MANCHESTER, N.H. -- Key political operatives, bloggers, academics and media figures from New Hampshire gathered on Dec. 6 to debate how the Internet is affecting New Hampshire's presidential primary. (READ WHAT PARTICIPANTS SAID) / (LISTEN TO AUDIO) /
(STREAM VIDEO) / (VIEW PHOTOS)) / (WHO ATTENDED) / (UNPRESS HOMEPAGE)
"The Internet is an emerging mass medium -- a press without a press," says Bill Densmore, director of the New England News Forum, a sponsor of the Dec. 6 event at Southern New Hampshire University. "How are candidate websites, blogs, mashups, meetups, social networks, citizen reporters and online fundraising affecting political dialog?"
"The Unpress: New Gatekeepers of the New Hampshire Primary," was a free event open to the public from 7 p.m.-8:30 p.m. in SNHU's Walker Auditorium in Robert Frost Hall. Featured discussion leaders -- among bloggers, journalists, citizens and campaign offiicials -- were James Pindell, New Hampshire political corresponent and blogger for The Boston Globe/Bos
Featured discussion leaders -- among bloggers, journalists, citizens and campaign offiicials -- were James Pindell, New Hampshire political corresponent and blogger for The Boston Globe/Bos
"We invited New Hampshire's bloggers, reporters, citizens and campaign officials -- anyone who is covering and shaping the primary in ways which weren't possible a decade ago -- to join the forum," says Bill Densmore, director of the New England News Forum. "This was a town meeting about new forms of civic engagement."
The format involved a flexible line between audience and participants. The hall was be openly seeded with pre-identified commentators among bloggers, mainstream media, campaign officials and the public. There will also be time for questions from other attendees.
Participants considered informally three propositions:
1) As the gatekeeper role of the traditional press falls away, our democracy is more hopeful, more transparent and more accountable. Yes, or no?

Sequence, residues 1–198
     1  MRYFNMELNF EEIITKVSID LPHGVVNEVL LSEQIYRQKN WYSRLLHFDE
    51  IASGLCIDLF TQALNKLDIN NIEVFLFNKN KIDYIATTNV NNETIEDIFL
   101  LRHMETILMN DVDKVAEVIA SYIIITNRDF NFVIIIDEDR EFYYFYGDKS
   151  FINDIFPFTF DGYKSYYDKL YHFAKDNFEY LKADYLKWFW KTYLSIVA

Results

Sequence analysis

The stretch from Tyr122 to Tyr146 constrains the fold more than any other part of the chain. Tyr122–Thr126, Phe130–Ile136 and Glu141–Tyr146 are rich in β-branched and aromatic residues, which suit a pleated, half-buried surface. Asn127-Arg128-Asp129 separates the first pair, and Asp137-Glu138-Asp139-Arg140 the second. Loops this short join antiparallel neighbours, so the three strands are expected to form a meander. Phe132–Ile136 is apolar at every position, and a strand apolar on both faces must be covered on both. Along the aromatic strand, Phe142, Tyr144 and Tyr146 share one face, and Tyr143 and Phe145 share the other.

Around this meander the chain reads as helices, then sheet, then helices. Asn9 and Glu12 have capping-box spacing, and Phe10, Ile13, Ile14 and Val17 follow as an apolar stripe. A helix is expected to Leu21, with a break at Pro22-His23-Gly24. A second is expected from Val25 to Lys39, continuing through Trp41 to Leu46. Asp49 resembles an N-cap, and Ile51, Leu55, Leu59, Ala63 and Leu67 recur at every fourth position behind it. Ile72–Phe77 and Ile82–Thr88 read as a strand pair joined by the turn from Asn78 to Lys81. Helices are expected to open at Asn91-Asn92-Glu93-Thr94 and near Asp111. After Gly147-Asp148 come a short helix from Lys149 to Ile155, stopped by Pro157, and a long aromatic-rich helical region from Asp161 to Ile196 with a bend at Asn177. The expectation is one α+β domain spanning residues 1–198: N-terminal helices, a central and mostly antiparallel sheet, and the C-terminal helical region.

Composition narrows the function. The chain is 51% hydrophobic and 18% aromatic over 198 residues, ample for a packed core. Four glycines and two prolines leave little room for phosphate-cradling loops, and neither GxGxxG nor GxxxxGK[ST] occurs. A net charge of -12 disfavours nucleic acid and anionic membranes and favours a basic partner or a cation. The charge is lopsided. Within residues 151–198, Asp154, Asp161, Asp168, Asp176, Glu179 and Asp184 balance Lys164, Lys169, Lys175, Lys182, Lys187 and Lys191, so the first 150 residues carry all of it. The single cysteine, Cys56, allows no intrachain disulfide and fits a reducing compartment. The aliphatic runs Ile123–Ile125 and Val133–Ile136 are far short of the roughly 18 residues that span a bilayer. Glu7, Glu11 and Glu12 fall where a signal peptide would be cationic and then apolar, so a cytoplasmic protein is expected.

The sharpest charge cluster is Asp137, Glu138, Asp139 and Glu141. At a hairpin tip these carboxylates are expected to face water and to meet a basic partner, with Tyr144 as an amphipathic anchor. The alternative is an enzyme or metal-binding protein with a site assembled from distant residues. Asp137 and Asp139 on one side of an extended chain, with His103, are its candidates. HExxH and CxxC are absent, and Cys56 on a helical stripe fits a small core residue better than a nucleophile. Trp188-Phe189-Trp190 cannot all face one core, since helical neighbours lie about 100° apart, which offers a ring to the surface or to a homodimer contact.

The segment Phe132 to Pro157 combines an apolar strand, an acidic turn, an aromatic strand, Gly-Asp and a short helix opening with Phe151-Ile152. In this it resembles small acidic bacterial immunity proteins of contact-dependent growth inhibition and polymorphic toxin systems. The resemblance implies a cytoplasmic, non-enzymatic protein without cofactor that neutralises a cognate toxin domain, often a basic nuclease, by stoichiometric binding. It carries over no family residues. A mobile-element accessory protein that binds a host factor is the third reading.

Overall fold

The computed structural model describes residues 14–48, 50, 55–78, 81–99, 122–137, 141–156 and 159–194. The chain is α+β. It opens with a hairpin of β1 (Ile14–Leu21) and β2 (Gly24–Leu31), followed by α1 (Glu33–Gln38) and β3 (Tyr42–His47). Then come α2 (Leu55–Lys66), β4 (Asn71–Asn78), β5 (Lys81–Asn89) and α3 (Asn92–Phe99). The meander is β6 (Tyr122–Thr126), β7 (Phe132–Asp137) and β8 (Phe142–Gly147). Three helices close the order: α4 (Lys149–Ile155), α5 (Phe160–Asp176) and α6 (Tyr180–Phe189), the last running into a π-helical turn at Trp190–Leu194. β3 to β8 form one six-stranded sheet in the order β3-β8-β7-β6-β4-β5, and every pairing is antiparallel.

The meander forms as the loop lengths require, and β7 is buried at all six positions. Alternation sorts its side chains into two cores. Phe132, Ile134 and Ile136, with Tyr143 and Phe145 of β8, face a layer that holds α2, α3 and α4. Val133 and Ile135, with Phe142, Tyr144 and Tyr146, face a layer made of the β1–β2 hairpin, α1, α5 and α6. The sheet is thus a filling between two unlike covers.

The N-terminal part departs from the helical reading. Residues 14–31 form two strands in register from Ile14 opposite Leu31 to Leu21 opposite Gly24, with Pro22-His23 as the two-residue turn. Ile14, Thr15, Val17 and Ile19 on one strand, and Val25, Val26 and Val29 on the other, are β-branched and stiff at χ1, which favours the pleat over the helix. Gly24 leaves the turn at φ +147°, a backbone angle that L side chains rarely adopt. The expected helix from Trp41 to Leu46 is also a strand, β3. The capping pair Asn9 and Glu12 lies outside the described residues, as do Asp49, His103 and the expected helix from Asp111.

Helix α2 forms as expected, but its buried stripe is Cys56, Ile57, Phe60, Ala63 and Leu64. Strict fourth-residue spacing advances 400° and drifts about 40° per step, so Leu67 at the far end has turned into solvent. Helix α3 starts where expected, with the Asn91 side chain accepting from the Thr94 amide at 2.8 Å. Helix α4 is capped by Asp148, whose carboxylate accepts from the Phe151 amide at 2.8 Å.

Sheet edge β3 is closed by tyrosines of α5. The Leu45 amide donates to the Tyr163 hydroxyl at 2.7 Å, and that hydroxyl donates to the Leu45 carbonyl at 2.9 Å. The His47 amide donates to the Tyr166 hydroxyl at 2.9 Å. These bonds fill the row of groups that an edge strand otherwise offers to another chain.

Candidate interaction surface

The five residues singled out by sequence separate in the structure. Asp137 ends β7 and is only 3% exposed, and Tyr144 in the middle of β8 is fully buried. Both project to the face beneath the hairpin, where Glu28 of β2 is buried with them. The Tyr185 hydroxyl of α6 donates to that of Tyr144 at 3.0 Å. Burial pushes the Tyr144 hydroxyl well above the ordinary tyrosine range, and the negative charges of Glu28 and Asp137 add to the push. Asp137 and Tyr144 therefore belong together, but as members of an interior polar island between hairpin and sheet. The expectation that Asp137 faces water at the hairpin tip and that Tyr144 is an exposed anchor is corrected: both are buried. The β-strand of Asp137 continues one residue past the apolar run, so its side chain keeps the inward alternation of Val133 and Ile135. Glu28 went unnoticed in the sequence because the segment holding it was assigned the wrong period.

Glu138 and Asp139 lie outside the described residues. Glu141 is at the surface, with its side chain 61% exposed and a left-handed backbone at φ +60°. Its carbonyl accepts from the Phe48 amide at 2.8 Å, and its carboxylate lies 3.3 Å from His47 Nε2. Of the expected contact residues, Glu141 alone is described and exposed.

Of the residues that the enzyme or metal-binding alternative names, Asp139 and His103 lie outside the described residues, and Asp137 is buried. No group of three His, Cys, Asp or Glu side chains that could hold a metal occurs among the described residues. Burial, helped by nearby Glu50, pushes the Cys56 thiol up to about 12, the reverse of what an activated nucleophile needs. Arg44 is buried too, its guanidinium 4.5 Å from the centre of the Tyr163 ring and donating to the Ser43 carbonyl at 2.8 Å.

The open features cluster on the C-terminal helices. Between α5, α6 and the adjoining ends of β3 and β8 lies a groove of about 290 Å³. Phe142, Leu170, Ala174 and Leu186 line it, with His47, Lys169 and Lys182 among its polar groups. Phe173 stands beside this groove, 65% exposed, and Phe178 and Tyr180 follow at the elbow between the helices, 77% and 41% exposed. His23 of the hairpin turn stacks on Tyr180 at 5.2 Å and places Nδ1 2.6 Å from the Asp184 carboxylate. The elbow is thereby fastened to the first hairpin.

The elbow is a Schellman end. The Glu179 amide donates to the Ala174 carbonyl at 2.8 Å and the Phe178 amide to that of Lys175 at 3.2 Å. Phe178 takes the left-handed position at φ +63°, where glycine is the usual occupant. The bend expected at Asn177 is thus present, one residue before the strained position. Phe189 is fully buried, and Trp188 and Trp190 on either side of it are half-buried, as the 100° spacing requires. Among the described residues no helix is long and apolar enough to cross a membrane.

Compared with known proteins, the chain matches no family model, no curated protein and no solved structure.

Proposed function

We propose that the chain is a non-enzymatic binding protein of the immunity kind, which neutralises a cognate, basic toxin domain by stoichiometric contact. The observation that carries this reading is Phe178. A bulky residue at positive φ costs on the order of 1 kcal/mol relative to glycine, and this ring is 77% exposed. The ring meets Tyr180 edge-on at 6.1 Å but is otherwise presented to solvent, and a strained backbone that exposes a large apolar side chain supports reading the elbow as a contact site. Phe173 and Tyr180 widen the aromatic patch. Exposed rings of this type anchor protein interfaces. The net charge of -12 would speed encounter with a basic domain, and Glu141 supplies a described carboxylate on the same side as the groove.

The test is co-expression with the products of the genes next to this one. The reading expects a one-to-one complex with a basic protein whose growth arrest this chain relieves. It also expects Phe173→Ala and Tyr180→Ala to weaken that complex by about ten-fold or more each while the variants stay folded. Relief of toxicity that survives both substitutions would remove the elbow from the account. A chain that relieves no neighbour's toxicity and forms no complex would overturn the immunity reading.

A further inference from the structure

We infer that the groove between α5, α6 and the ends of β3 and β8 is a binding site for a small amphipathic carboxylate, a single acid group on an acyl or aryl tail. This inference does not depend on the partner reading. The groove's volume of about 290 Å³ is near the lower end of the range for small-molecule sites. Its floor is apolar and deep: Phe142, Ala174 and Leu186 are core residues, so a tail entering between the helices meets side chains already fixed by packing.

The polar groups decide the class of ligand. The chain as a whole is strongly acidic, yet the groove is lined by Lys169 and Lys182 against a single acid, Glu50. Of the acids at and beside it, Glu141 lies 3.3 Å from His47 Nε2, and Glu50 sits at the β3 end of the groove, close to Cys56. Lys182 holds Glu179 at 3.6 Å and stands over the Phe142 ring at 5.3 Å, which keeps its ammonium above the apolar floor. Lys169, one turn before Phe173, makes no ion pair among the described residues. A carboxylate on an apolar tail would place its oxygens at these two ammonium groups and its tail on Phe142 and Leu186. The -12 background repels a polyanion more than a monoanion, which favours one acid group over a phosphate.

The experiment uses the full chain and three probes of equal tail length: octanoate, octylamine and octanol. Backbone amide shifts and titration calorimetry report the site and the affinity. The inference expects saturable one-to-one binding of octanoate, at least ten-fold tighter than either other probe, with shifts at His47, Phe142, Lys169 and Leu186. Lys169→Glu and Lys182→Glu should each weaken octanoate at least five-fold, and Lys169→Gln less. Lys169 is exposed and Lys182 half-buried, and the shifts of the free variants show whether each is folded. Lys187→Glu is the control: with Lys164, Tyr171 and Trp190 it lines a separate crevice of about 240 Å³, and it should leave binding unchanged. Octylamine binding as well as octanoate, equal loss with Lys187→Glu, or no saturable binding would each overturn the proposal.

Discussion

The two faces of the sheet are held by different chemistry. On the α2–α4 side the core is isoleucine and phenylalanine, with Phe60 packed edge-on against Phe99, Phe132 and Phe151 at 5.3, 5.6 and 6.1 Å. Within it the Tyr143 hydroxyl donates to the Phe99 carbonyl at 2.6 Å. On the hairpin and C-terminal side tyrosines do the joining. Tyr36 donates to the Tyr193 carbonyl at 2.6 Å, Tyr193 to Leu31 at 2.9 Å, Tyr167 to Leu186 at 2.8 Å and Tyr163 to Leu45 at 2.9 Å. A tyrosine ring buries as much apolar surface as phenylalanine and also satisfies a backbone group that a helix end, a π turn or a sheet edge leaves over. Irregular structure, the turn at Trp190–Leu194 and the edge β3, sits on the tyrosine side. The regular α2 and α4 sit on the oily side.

2) Candidates now spend more time working the grassroots, because they need to influence the web conversation as well as the main-stream media. The result: Clearer issues, more discussion, more diversity. Yes, or no?
3) The Internet cannot alone close the loop on political engagement because it lacks the capacity to project a handshake, it does not replace face-to-face campaigning, and raises difficult questions about trust and conflict-of-interest. Yes, or no?
"The Unpress: The New Gatekeepers of the New Hampshire Primary," was the first event in New Hampshire organized by the New England News Forum. The forum, based at the University of Massachusetts-Amherst, received a two-year grant from the John S. and James L. Knight Foundation last year to experiment with new forms of citizen-media accountability and dialog.
"Coverage of the New Hampshire primary is just one example of the impact of new media forms on the relationship between traditional media and the public," says Densmore. "The forum is working to expand and help shape this relationship to foster participatory democracy and community."
Besides the two universities, other principal sponsors of "The Unpress" included the New Hampshire Charitable Foundation, Concord Monitor Online, the Nackey S. Loeb School of Communication and Stonyfield Farm Inc.
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Bill Densmore, Executive Director
The New England News Forum
108 Bartlett Hall University of Massachusetts
Amherst MA 01003 413-577-4370 / CELL: 413-458-8001
D. Arnie Arnesen
Executive Producer and Host
252 Main Street #5
Hopkinton, NH 03229
Kristen D. Nevious, Ph.D., Director
Phyllis S. Zrzavy, Ph. D., Professor
Marlin Fitzwater Center for Communication
20 College Road / P.O. Box 60
Rindge NH 03461-0060
Dr. Karen Erickson
Dean, School of Liberal Arts
Southern New Hampshire University
2500 N. River Road
Manchester, NH 03106